The JOBS Act also places a requirement on Crowd Funding intermediaries to perform adequate due diligence on the companies that they assist in the fund raising process. These are pretty extensive requirements, and most likely the SEC will set the guidelines for these due diligence requirements in line with those set by FINRA under Regulatory Notices 10-22. (Additional information FINRA 10-22 can be found at our website www.coralcapital.com) The cost of performing and obtaining these due diligence reviews will most likely limit the number of smaller Crowd Funding projects.
Capital Raise Limitation: The JOBS Act limits the amount of funds that may be raised by business to $1 million during any 12 month period. The JOBS Act provides that the funds being raised shall only be available to the company when the targeted amount of capital has been raised. For example if a company needs to raise $500,000 to complete the development of a product or fund its operations for the next 12 months, the company will only receive the funds once the full $500,000 has been raised; not as the funds trickle in from investors. This is designed to protect investors from the risks associated with a company that is only able to raise a portion of the capital it needs. Additionally the JOBS Act gives investors the right to cancel their investment commitment prior to the actual release of funds.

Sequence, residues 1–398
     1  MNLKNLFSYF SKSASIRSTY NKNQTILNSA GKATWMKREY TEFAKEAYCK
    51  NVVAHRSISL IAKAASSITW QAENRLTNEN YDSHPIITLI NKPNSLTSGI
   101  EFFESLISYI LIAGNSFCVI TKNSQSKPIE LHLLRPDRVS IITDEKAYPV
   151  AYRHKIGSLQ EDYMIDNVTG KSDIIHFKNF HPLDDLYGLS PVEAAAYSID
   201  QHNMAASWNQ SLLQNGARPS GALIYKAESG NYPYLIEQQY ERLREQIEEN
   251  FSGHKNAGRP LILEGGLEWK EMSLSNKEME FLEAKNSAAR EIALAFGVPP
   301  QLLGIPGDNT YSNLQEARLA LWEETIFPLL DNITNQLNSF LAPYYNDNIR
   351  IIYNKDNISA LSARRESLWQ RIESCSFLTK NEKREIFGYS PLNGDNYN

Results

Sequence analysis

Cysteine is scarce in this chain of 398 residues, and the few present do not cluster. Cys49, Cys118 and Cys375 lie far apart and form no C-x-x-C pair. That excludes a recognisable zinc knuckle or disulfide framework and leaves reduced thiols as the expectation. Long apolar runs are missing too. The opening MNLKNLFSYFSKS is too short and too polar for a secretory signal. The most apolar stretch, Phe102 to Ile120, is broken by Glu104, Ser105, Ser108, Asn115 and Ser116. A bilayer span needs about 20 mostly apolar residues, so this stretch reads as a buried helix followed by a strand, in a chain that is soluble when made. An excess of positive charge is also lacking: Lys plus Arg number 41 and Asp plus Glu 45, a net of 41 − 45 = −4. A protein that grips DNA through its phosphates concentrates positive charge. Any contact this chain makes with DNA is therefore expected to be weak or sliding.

Investor Limitation: The JOBS Act places strict limits on how much money an individual investor can invest in any single company or group of companies within a 12 month period. This limitation is broken down into two categories based upon an investors annual income. If an investor’s annual income or net worth is less than $100,000 per year, then that investor can only invest the greater of $2,000 or 5% percent of his annual income in a single company. If an investor’s annual income or net worth exceeds $100,000 then the investor may invest up to 10% of their annual income or net worth in a company. However the amount invested cannot exceed $100,000.